TL;DR – I believe the Fed will raise rates by 0.25% at the February 1 meeting. However, recent speeches by DC-based officials sound hawkish to me and I think 0.50% is still possible.
Market pricing suggests the Fed will hike twice at the next two meetings—25 and 25—and then stop. My out-of-consensus view is that the Federal Open Market Committee (FOMC) could hike much more than the market expects and even the Fed’s own projections indicate—a couple members (including Powell) have said that the ultimate peak of rates could be higher than what the Fed has projected in the past. My opinion is driven by a view (not widely held at the Fed) that inflation is largely a function of government liabilities, and if government liabilities continue to expand faster than the rate of GDP growth,that will continue to put demand-side inflationary pressure on the economy.
· “Inflation remains far too high” or some variant of this phrase has shown up in several speeches.
· Core services inflation is the focal point for most FOMC members. People don’t seem too concerned about energy prices or goods inflation. Several members expect housing prices to fall and look at new leases data as a leading indicator.
· Members who want to take the foot off the gas in terms of rate hikes point to the Fed reducing its balance sheet as an additional source of monetary tightening that is ongoing (perhaps justifying slower or fewer interest rate hikes).
· By contrast, several members cited the experience of the 1970s as a cautionary tale in the Fed taking its foot off the gas too early.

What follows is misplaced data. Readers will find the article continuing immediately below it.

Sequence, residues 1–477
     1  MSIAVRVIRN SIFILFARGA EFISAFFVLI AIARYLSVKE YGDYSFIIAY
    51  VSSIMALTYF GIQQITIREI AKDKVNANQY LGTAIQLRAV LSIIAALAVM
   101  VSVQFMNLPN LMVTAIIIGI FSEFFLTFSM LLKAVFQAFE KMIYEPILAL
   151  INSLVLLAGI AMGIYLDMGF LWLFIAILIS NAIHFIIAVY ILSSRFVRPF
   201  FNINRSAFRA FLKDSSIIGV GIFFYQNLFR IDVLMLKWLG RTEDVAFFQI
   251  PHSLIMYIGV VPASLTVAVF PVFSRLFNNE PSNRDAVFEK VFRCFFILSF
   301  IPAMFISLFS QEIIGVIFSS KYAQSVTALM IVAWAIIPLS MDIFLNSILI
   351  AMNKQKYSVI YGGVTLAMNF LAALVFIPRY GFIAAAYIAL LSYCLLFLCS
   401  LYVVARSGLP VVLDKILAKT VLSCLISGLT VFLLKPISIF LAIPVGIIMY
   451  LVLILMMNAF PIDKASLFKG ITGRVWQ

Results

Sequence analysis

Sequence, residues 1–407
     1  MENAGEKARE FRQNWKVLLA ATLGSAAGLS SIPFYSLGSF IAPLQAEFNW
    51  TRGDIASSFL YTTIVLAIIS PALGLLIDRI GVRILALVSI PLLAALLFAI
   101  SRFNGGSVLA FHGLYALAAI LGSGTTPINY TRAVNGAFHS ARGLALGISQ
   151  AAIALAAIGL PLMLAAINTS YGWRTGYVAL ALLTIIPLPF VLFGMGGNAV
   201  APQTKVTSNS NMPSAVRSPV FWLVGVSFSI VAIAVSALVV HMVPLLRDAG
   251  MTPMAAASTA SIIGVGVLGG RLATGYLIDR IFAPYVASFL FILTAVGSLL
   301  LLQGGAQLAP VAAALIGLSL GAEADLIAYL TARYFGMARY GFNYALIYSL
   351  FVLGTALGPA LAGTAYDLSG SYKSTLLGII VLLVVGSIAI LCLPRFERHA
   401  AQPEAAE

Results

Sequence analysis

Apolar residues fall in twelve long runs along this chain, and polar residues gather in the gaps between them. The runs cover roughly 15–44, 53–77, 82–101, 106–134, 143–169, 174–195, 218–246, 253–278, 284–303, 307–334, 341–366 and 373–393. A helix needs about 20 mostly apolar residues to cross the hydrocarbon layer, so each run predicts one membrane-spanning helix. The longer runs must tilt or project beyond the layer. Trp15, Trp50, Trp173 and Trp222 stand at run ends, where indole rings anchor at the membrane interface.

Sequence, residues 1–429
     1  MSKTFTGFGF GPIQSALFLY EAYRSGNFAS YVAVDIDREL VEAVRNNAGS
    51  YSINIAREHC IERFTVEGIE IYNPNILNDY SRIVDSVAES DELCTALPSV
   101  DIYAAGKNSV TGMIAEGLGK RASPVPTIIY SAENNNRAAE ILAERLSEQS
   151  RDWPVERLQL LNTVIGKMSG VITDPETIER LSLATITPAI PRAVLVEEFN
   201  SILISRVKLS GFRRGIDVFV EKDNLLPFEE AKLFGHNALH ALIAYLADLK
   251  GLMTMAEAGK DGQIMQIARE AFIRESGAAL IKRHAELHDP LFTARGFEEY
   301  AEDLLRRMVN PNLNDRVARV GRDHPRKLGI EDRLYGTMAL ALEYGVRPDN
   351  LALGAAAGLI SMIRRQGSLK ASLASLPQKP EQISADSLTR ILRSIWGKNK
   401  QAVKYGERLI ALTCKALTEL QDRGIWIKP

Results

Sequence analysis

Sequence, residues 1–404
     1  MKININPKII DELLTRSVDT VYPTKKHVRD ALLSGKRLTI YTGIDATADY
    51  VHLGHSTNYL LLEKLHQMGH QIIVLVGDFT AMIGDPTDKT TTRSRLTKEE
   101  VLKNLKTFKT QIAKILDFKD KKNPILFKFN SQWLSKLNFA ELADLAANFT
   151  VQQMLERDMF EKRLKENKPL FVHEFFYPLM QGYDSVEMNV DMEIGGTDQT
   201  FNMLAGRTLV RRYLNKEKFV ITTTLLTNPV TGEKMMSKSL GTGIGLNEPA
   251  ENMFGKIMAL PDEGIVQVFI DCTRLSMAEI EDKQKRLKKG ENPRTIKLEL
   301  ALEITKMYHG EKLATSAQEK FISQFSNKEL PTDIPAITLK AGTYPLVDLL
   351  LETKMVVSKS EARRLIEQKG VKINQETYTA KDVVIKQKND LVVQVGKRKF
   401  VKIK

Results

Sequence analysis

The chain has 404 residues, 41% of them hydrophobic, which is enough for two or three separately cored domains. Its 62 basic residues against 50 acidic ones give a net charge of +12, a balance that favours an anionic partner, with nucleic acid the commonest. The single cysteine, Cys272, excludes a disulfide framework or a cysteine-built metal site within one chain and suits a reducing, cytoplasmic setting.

· Overall, the regional Fed presidents seem more dovish to me than the DC-based Board of Governors members.My guess is that this is because the regional presidents spend more time talking to local business leaders, and hear more anecdotal stories of hiring freezes, impending layoffs and general reductions in corporate spend.
Individual vote predictions (summary table on next page)
· I am pretty sure at least four FOMC members will vote for a 0.25% hike: Waller/Board and Harker/Philadelphia have explicitly stated that they will vote for 25 bps, while Logan/Dallas and Kashkari/Minneapolis have strongly hinted at 25.
· Williams/NY, Brainard/Board, Bowman/Board, and Cook/Board all sounded more hawkish than the previous four in recent speeches, so I think it’s possible that they would vote for 0.50% increases. But they haven’t hinted directly at 25 or 50 so my confidence in calling that they would vote for 50 is low.
· Powell hasn’t given a policy speech since November of last year, but that speech sounded more hawkish to me than any of the other recent comments. If he hasn’t changed his opinion in the past two months I would expect him to vote for 50, but it’s been radio silence from him so I don’t have much confidence in that prediction either.
· There haven’t been recent monetary policy speeches from Barr/Board or Jefferson/Board. Goolsbee/Chicago just started two weeks ago and hasn’t given a policy speech yet.
· Since I’m almost sure 4 will vote for 25, and I’m not sure if the remaining 8 will go for 25 or 50, I average this out to a 25 prediction for February.
For example, the perhaps-wrongly-named Inflation Reduction Act may turn out to be significantly inflationary as many of its provisions are uncapped in terms of federal government spend.
 Recall that the FOMC has 12 members, 7 who are DC-based and 5 who come from regional Fed banks. This group of 12 meets every 6 weeks to set the benchmark interest rate for the U.S. economy.